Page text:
“With an average of three to four inches of monthly rainfall, we have a pretty wet region. But so do Burgundy, Bordeaux, and the Loire Valley,” says Law. “The ability for the soils to drain water is the critical factor in site selection for vineyards, particularly if you’re trying to make premium wines.”
Like Law, Rutger de Vink, Joshua Grainer, and Jarad Slipp of RdV Vineyards in Middleburg have established high standards for the quality of their wines. Owned by de Vink, the 100-acre estate is planted to 16 acres of Cabernet Sauvignon, Merlot, Cabernet Franc, and Petit Verdot along a granite hillside.
“We’re incredibly proud to be in Virginia, but we don’t want that to be an element that holds us back. Our goal is to make world-class wine that happens to be in Virginia, just like Chateau Musar is a world-class wine that happens to be from the Bekaa Valley in Lebanon,” says de Vink.
While many wineries continue to follow the tasting-room model of offering varied selections to suit the palate of any consumer that might walk through the door, RdV employs the opposite philosophy, focusing on two specific Bordeaux blends. Lost Mountain is Cabernet Sauvignon-dominant with broad shoulders and a heavier presence of new oak. The Rendezvous is a softer, Right Bank-style of wine made with a higher percentage of Merlot.
Slipp, a Master Sommelier who works as the estate director, stresses the importance of knowing what consumers want and giving them the highest-quality version of that. “As trendy as it may be to offer people Poulsard from the Jura, customers don’t really want that,” he says. “Esoteric wines are fine, but you need to understand the fundamentals of what makes great wine. That’s what will set you apart, regardless of where you are making it.”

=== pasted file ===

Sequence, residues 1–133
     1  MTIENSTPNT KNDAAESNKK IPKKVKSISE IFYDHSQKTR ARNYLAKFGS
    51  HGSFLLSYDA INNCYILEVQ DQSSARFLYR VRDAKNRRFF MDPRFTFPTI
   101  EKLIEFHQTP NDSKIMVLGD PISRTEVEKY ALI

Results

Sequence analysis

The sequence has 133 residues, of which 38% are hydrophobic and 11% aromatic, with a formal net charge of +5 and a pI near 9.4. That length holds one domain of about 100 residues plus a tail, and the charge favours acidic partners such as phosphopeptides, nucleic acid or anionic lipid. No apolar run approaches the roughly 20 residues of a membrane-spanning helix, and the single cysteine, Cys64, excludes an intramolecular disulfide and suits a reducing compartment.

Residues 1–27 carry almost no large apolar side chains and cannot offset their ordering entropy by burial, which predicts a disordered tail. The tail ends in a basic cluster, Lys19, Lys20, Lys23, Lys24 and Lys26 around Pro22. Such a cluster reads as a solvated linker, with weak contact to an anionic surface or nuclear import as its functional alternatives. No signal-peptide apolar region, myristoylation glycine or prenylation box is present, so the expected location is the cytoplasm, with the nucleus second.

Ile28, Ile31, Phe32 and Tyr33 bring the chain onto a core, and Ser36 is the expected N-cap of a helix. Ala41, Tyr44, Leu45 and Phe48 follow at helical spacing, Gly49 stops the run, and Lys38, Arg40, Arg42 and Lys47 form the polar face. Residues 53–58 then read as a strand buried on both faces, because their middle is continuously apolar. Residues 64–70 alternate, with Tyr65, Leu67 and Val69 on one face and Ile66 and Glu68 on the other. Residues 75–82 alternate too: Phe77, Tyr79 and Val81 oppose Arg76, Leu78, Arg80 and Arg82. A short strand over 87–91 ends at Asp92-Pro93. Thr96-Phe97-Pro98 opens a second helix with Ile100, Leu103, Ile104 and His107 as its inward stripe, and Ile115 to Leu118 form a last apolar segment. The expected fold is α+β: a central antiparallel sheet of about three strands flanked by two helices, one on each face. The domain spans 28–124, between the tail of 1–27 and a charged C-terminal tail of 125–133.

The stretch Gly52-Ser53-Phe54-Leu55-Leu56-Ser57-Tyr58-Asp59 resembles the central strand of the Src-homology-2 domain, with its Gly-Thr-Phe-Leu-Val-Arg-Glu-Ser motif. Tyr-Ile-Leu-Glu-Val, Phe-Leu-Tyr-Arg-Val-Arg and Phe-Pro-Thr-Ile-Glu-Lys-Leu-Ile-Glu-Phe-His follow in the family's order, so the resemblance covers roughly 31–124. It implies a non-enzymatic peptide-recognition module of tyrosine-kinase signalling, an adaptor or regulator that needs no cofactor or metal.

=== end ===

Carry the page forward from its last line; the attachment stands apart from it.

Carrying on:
Considering that RdV wines are sold at upward of $100, it’s clear the finely tuned team is working at the higher echelon of Virginia winemaking. While they may not be representative of most Virginia wineries, producers such as RdV, Linden Vineyards, and Barboursville are setting the pace for quality winemaking in the state.
Virginia may have a long winemaking history, but Ohio has quite a heritage as well. Most people run into that history when experiencing Ohio wine for the first time, which is often in the form of Pink Cat, a sweet rosé made from the Catawba grape.
Catawba was first grown along the Ohio River in the mid-1800s by Nicholas Longworth. His wines were sold across the US and in Europe, and thanks to their success, Ohio was the largest producer of wine in the United States by 1860. By the turn of the century, a handful of wineries could be found among the islands of Lake Erie, where there remains a high concentration of wineries today. While the native American grape variety is still used to make wine—as well as juices, jams, and jellies—it’s only a piece of Ohio’s winemaking heritage.